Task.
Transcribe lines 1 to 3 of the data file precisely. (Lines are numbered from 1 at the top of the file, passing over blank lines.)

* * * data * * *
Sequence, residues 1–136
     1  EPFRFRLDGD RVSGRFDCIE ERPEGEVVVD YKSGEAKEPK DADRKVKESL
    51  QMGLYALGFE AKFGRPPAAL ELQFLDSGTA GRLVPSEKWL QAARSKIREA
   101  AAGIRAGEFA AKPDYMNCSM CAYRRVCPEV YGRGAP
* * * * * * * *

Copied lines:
Sequence, residues 1–136
     1  EPFRFRLDGD RVSGRFDCIE ERPEGEVVVD YKSGEAKEPK DADRKVKESL
    51  QMGLYALGFE AKFGRPPAAL ELQFLDSGTA GRLVPSEKWL QAARSKIREA